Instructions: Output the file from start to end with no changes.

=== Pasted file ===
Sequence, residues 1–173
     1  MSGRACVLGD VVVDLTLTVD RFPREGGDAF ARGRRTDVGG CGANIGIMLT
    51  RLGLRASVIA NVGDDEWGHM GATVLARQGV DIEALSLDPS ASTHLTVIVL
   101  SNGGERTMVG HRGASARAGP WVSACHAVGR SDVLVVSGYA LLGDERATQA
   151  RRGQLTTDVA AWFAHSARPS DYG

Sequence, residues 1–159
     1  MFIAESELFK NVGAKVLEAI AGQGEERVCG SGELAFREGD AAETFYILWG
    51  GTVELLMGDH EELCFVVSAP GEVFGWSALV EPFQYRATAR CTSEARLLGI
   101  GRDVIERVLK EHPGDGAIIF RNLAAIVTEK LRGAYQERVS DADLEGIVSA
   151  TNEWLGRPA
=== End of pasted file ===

Sequence, residues 1–173
     1  MSGRACVLGD VVVDLTLTVD RFPREGGDAF ARGRRTDVGG CGANIGIMLT
    51  RLGLRASVIA NVGDDEWGHM GATVLARQGV DIEALSLDPS ASTHLTVIVL
   101  SNGGERTMVG HRGASARAGP WVSACHAVGR SDVLVVSGYA LLGDERATQA
   151  RRGQLTTDVA AWFAHSARPS DYG

Sequence, residues 1–159
     1  MFIAESELFK NVGAKVLEAI AGQGEERVCG SGELAFREGD AAETFYILWG
    51  GTVELLMGDH EELCFVVSAP GEVFGWSALV EPFQYRATAR CTSEARLLGI
   101  GRDVIERVLK EHPGDGAIIF RNLAAIVTEK LRGAYQERVS DADLEGIVSA
   151  TNEWLGRPA